Pretend it’s a Monday in midsummer. You live in or near a big city, a few hours from mountains or forests, and you want to go camping this coming weekend — a few days away. Before the pandemic, that may have been possible. But these days the outdoors and camping are having their biggest boom since humans lived in caves, and finding a last-minute campsite is about as hard as spotting wild glowing mushrooms, writes Megan Michelson for a report published by The New York Times.
“With the onset of Covid, it seems as though everyone went out and bought an R.V.,” said Greg Query, owner of a Kampgrounds of America (KOA) campground in Estes Park, Colo., on the outskirts of Rocky Mountain National Park.
Public and private campgrounds were already seeing nationwide campsite shortages before Covid-19 because of a growing interest in outdoor activities. A 2019 North American Camping Report, from KOA, found that 7.2 million households in the United States started camping in the previous five years, bringing the total number to 78.8 million, a new high.
Many of those campers headed straight to national parks: A study from the research organization Resources for the Future in 2018 found that national park campsite reservations routinely are snatched up six months in advance, and places like Zion and Yosemite National Parks are frequently at 100% capacity.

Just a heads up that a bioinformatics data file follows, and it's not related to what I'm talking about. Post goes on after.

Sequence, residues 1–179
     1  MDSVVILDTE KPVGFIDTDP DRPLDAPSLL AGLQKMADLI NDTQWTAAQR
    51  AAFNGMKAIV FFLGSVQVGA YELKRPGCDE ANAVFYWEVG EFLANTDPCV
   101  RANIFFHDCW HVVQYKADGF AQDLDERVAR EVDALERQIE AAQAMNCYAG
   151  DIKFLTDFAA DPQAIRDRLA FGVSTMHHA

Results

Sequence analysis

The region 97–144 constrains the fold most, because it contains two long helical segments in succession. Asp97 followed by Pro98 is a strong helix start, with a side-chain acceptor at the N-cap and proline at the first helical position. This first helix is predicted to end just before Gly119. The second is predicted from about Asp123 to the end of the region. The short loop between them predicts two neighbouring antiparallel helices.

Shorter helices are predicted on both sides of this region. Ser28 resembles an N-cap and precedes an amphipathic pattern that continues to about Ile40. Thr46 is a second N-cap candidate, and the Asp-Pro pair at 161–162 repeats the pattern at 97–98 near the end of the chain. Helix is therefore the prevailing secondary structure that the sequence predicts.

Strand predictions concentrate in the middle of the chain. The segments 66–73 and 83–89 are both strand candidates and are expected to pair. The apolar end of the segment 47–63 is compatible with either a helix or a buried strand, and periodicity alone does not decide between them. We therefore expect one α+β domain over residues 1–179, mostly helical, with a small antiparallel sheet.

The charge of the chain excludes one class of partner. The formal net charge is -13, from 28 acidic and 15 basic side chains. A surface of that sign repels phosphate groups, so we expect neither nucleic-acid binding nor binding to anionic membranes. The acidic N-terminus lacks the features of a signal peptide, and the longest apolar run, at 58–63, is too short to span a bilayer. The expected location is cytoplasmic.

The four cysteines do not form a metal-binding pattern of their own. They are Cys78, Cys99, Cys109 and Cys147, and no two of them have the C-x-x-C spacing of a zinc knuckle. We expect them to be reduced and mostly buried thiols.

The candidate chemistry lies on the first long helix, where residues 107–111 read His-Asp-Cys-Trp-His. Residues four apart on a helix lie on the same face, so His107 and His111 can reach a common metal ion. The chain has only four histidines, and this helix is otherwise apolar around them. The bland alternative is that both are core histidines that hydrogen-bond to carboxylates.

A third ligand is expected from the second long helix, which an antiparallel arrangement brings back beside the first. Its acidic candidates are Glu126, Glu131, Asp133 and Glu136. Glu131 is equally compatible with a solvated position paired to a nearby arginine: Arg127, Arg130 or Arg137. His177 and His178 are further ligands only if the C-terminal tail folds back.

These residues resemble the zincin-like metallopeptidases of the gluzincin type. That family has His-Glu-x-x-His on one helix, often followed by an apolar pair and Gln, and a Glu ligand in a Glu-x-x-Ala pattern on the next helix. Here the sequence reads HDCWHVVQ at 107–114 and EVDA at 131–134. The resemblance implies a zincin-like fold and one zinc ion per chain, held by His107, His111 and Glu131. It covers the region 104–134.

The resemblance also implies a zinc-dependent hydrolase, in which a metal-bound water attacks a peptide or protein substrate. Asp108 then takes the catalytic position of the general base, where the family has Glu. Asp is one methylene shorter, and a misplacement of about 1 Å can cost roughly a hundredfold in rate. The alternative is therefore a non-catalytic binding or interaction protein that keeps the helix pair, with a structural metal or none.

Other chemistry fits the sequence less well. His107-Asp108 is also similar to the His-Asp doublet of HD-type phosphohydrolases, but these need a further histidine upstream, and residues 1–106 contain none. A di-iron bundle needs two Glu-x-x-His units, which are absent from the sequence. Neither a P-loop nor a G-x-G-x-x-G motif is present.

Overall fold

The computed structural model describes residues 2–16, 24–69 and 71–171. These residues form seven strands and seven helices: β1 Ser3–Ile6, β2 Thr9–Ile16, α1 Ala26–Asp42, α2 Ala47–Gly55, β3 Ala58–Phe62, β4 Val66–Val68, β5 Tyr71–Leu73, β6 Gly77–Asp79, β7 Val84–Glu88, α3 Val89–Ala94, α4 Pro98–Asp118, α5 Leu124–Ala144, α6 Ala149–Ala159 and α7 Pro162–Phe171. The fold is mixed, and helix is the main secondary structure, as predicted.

The pandemic brought an influx of people looking to get away from it all. A May 2020 study from KOA reported that one-third of recreational travelers who had never camped before were interested in camping, many of whom are expected to return this summer.
“Campgrounds across the country near popular spots are going to be heavily booked this summer,” Mr. Query said. “Luck is going to play a big factor in whether or not you get a campsite for the weekend.”
So, what to do if you get a last-minute urge to camp near, say, San Francisco? Sure, popular campgrounds at Yosemite National Park or Big Sur are entirely booked (and have been for months). But all is not lost — the outdoors is not closed.
Hipcamp — which works with mostly private landowners to rent campsites on everything from ranches to vineyards — added 6,500 campsites across the United States to its booking site this March alone, and it recently partnered with California State Parks to show real-time availability data at state-run campgrounds.
“I’m not the kind of person who books campsites six months in advance. That’s why I started Hipcamp,” said Alyssa Ravasio, founder and the chief executive of Hipcamp. “Often, we’ll have a campsite for you that just got created in the last few months. We have these incredible properties just opening up.”
Click here to read the full report by The New York Times (subscription required).